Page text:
Alexander Tucker – Third Mouth

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Third Mouth has arrived, and not a moment too soon. When Alexander Tucker released Dorwytch last year, to unanimous approval, there was a sense of excitement that his considerable talents had crystallised into a music that made peculiar sense. Only Tucker could have made Dorwytch, a collision of layered, drone sound and psych-folk that was rich, deep and strange. Third Mouth, then, is the next dispatch from an expedition into unexplored territories. What new lands has Tucker mapped?

I am pleased to report that Third Mouth builds on the kaleidoscopic sounds of Dorwytch, turning on a stream of ideas and invention. Songs that appear slight become captivating. “A Dried Seahorse”, according to Tucker a song about his dad’s shed, carries its fatherhood them and evokes dry, dusty, delicate interiors and forgotten objects: “a dried seahorse inside the shell of your hand / hoping to please.”  Violins dissolve into dissonant vibration as the song ends.

On “Mullioned View” the pounding of muffled drums and swarming violin noise, creates a sensation of watching something through happening far away, struggling to interpret figures glimpsed through smeared glass and occluded consciousness. Everything is hidden and buried, just out of sight: “turning the ground with the palm of your hand / found coins and broken things”. The title brings to mind the first ever photograph: Henry Fox Talbot’s haunted 1835 image of the oriel window at Lacock Abbey, which simultaneously opens up and closes off a new reality. The casement may be closed, but light breaks through. Tucker reaches through to what lies beyond with a tune that is intense, beautiful and seductive. Then the music breaks down into a pounding, threatening rhythm that suggests sacrificial dance.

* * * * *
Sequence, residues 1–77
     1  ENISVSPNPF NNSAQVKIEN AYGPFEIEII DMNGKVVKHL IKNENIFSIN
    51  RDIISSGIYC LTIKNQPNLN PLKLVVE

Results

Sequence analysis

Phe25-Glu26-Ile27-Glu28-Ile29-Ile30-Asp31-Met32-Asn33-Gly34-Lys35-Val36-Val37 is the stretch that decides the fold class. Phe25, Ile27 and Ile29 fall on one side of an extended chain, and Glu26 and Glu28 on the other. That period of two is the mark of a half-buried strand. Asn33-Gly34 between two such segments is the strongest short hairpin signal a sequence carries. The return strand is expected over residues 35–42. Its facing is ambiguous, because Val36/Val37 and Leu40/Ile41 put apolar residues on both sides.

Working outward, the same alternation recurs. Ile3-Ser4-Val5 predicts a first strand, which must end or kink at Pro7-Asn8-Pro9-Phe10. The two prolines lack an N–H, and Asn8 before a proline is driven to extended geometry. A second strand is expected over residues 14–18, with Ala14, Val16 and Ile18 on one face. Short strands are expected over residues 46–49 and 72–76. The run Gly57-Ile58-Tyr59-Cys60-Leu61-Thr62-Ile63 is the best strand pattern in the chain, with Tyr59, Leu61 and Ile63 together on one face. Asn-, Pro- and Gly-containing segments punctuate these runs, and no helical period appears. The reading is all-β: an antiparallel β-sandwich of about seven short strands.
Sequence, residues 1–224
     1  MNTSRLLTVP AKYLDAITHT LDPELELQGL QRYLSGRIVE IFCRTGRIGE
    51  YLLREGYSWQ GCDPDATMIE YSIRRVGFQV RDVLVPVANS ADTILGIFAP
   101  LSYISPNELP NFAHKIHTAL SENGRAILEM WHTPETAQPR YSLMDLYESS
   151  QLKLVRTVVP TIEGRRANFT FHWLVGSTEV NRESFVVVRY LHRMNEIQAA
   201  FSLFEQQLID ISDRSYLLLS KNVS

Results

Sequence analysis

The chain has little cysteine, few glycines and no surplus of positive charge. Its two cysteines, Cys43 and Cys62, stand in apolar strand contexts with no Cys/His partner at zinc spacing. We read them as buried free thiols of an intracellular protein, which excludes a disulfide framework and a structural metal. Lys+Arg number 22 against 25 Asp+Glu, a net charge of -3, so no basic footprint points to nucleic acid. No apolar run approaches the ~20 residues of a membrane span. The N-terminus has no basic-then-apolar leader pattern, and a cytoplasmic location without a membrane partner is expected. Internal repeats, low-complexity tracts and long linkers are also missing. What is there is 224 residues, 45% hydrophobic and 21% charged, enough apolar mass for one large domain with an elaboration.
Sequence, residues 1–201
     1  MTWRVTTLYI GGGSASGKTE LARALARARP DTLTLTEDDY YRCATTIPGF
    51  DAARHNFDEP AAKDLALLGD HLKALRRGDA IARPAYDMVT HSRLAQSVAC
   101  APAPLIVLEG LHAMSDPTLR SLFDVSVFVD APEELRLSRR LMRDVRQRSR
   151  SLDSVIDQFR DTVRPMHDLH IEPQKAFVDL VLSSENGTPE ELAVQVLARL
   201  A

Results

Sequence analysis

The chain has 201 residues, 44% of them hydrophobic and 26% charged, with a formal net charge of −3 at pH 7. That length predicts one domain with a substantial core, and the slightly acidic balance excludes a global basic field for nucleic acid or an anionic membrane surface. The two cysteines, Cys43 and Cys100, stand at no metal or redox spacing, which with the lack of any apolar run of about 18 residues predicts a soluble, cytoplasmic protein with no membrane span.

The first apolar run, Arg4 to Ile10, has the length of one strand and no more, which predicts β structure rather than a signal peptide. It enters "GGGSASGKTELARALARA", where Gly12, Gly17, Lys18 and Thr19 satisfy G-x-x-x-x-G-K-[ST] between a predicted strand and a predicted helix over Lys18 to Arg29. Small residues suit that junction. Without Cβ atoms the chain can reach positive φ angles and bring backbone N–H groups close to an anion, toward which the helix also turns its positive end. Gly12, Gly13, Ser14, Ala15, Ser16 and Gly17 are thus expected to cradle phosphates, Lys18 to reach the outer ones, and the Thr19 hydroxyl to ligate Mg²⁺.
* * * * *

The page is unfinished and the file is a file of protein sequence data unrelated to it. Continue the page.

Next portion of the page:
“Window Sill” is a gentle, creaking coda about the dust and abandonment. It is characteristic of Third Mouth that this track, the most understated on the album, is its still centre. It plays out with a minute of bells and trickling water, deeply, pastoral and evocative.

Tucker says that the title track is about the ordinary and the supernatural existing side-by-side, with a memory of his mother matter-of-factly telling him he could speak in tongues.  The song is densely layered with loops of strings, guitar and voices, showing us a state of consciousness drifting way above ground level.

Sometimes the album shakes hands with the found, radiophonic sounds of Ghost Box artists notably on “Amon Hen”, an instrumental track that places Tolkien in the context of poltergeist interference, haunted music boxes, and David Lynch-style saxophone solo. “Sitting in a Bardo Pond” is a tribute to the Tucker’s friends and occasional collaborators. It’s a song about listening that boasts its own naggingly beautiful melody.

Two seven-minute tracks anchor Third Mouth, and move away from conventional song structures to more experimental forms. “The Glass Axe” is multi-layered, xylophone and drone-driven song based on a magical, folk tale emblem. The track is placed in a between world, which neither “the wasteland” nor “the bright land” but a place where “solid ground is rearranging”. Faint reverberations of “Revolution No.9” echo within deep in the soundscape, while Tucker merges the otherworldy melodies and themes of electric folk with the swirling drones of bands such as Harmonia and Cluster. His take on kosmische is more ethereal though, strings gently swelling rather than driving on in search of the eternal groove.

Finally “Rh” is, rather sweetly, a song about Tucker’s relationship with his girlfriend. However, not many relationships get commemorated in eight miles high vocals and vortices of stomach-lurching organ drone. It’s an affirmation and a delight. Then the final seconds deconstruct the ecstasy in a flurry of clicks, rushes and groans, as the music returns to the very earth itself.

On Third Mouth Tucker brilliantly links musical ideas to create something both new and familiar. Its tracks seem draw out themes across several decades of experimental music. The sap is rising and strange forces are beginning to stir: Third Mouth is here, and Spring has arrived.